1

I'm trying to realize a certain pattern for a little DigitalWatch class with minimal interface in java (just a practice).

It has 2 buttons: a mode button and an increment button.

The mode button has a listener which triggers the change of my program's state between "SetHours,SetMinutes,DisplayTime" (which exist as objects due to the pattern, the objects call the specific state-dependend methods in my DigitalWatch class).

My method displayTime() is something like this:

void displayTime()
{
    while (pressed==false)
    {
        try
        {
            display.setText(String.format("%02d:%02d", hours, minutes));
            display.repaint();
            Thread.sleep(1000);
            minutes = minutes + 1;
            if (minutes > 59)
            {
                minutes = 0;
                hours = hours + 1;
            }
            if (hours > 23)
            {
                hours = 0;
            }
            display.setText(String.format("%02d:%02d", hours, minutes));
            display.repaint();
        } catch (Exception e)
        {
            break;
        }
    }
    display.setText(String.format("%02d:%02d", hours, minutes));
    display.repaint();
}

But it seems that while this loop is active the button looses its clickability.

So once the "time counts" i am stuck with this state and am no longer able to change the mode. Is there a good way/best practice to maintain the clickability of my modebutton?

  • Possible duplicate of Prevent Swing GUI locking up during a background task – Raniz Dec 29 '16 at 8:04
  • You are blocking your Event dispatch thread. I.e. your gui thread. You need to put that code in a separate thread. Updating the gui elements should be done on the edt though. So you need to split this up. – Fildor Dec 29 '16 at 8:11
  • That leads me to a probably stupid question: where is the edt in my case? – Wolfone Dec 29 '16 at 8:25
1

In Swing, all events are dispatched on a single thread and since your loop never exits it will block the UI thread and prevent any future events from being handled.

What you need to do is execute your loop in a separate thread and control the state of that thread with the button. We also need to make sure that we run any UI-code on the UI-thread, so you'll need to switch back and forth between your timer thread and the UI thread.

Since you're running a recurring task every second, ScheduledExecutorService.scheduledAtFixedRate(Runnable command, long initialDelay, long period, TimeUnit unit) is a good fit.

Something like this:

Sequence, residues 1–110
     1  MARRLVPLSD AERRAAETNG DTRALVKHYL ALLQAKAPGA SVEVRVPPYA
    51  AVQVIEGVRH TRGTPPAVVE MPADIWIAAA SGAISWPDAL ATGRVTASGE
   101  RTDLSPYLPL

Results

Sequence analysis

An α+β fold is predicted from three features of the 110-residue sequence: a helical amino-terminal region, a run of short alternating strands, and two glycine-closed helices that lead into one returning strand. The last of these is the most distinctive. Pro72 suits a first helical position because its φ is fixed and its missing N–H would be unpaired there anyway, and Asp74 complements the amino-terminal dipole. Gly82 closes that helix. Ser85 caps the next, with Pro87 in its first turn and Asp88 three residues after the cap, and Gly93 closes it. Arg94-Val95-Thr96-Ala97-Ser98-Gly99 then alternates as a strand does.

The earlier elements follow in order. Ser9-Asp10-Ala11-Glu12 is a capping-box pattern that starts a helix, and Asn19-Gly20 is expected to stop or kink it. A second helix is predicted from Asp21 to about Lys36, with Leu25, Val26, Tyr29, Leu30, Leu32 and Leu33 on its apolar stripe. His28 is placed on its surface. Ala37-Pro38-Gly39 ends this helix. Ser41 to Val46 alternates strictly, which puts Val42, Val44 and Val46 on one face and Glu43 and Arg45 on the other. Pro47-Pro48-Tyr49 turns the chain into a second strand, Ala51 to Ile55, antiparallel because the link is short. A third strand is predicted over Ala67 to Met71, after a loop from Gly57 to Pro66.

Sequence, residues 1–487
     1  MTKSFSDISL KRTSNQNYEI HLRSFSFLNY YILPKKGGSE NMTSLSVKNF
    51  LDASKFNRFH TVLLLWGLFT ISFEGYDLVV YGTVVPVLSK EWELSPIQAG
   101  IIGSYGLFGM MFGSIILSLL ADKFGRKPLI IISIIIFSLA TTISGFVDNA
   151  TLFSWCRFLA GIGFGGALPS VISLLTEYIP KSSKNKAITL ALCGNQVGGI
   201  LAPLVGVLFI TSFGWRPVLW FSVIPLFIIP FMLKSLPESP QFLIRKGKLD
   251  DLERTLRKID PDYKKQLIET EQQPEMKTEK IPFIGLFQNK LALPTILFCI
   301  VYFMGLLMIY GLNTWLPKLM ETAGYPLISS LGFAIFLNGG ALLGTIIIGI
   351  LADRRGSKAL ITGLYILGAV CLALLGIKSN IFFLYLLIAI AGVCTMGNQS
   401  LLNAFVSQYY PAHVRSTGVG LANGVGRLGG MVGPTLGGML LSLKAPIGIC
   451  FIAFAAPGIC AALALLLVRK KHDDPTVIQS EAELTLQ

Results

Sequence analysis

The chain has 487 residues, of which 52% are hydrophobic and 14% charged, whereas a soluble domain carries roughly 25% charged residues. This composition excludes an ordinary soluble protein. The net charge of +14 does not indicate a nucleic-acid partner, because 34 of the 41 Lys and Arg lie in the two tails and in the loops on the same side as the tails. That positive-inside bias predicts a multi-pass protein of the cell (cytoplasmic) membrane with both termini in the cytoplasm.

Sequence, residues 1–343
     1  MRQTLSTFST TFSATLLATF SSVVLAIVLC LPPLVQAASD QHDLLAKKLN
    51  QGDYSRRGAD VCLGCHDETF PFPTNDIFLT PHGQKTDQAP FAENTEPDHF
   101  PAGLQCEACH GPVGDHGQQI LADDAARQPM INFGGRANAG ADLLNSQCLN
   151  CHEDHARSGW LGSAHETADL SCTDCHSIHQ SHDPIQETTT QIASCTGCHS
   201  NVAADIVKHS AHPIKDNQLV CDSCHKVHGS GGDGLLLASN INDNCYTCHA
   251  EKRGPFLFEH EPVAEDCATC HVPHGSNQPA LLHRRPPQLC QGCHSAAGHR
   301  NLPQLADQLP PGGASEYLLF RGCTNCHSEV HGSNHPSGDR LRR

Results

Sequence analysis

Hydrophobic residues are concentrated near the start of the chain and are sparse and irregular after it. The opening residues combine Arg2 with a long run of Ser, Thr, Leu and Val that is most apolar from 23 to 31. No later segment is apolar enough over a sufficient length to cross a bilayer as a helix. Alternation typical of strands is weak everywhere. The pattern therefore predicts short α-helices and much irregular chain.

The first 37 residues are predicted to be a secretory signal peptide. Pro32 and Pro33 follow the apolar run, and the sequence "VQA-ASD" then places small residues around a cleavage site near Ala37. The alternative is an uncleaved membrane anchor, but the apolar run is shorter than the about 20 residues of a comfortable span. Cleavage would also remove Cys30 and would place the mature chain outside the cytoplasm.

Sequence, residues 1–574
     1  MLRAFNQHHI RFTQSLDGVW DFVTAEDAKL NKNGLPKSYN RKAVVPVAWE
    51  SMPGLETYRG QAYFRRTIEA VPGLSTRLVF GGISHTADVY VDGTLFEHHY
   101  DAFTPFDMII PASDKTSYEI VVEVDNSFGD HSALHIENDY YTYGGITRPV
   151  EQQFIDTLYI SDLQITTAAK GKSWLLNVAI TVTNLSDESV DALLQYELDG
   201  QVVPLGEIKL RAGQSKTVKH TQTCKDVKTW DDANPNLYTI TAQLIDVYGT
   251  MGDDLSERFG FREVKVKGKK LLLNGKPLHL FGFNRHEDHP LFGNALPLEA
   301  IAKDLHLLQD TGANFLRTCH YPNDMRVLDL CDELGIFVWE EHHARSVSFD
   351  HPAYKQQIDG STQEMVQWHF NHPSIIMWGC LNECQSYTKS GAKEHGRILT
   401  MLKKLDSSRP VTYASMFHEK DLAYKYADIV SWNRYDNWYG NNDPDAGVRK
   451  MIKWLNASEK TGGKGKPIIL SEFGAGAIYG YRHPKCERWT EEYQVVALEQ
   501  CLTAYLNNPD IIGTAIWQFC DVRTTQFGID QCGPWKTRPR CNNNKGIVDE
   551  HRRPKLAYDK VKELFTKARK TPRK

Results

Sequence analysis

private final ScheduledExecutorService executor = Executors.newSingleThreadScheduledExecutor();
private ScheduledFuture<?> timerFuture = null;

void toggleTimer()
{
    if (timerFuture != null)
    {
        // Stop the timer
        timerFuture.cancel();
        timerFuture = null;
    } else
    {
        // Start the timer on the separate thread, run it every second
        timerFuture = executor.scheduleAtFixedRate((Runnable) () -> {
            minutes = minutes + 1;
            if (minutes > 59)
            {
                minutes = 0;
                hours = hours + 1;
            }
            if (hours > 23)
            {
                hours = 0;
            }
            // Update the UI, this needs to be done on the UI thread
            SwingUtilities.invokeLater(() -> {
                display.setText(String.format("%02d:%02d", hours, minutes));
                display.repaint();
            });
        }, 0, 1, TimeUnit.SECONDS);
    }
}
  • Thanks for your fast answer! That seems very elaborate and to be honest i will need some time to unerstand what is really going on underneath (i'm a beginner). I found something similar to my situation here: stackoverflow.com/questions/12821220/… And because i'm not familiar with threads i'm not sure about the difference. I think the threads in your answer are created "under the coat" by "scheduleAtFixedRate" can you explain the qualitative difference to the second answer in the mentioned post? (with the volatile variable) – Wolfone Dec 29 '16 at 8:42
  • Yes, your problem is the same as in the question you linked (you may consider marking this question as a duplicate of that one). The difference in the answers is indeed that the executor service is handling the thread(s) for you so you only need to think in terms of tasks (Runnables/lambdas, ScheduledFuture) and not manage, start, or stop threads. – Raniz Dec 29 '16 at 8:47
  • Ok, thanks; do you know by heart if there are volatiles used under the hood in your answer? – Wolfone Dec 29 '16 at 8:53
  • Your minutes and hours fields should either be volatiles or AtomicInteger/Long to ensure that the correct value is read when updating the UI since it's performed on different threads. What the executor service is using is up to the JVM :) – Raniz Dec 29 '16 at 8:56
  • Ok, thanks again for your time and the ideas to investigate things further! :) (Unfortunately it seems i cannot mark as duplicate due to my low user-lvl or due to the fact that it is already marked as duplicate of another question, i'm not sure.) – Wolfone Dec 29 '16 at 9:00

Your Answer

By clicking “Post Your Answer”, you agree to our terms of service, privacy policy and cookie policy

Not the answer you're looking for? Browse other questions tagged or ask your own question.